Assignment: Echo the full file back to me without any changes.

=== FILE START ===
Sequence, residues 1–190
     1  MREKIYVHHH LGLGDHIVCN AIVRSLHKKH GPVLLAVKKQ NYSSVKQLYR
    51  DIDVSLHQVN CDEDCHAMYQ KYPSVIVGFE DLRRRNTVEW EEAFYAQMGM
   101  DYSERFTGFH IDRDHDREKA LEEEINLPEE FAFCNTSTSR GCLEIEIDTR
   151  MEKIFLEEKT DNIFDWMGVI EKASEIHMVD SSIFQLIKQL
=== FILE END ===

Sequence, residues 1–190
     1  MREKIYVHHH LGLGDHIVCN AIVRSLHKKH GPVLLAVKKQ NYSSVKQLYR
    51  DIDVSLHQVN CDEDCHAMYQ KYPSVIVGFE DLRRRNTVEW EEAFYAQMGM
   101  DYSERFTGFH IDRDHDREKA LEEEINLPEE FAFCNTSTSR GCLEIEIDTR
   151  MEKIFLEEKT DNIFDWMGVI EKASEIHMVD SSIFQLIKQL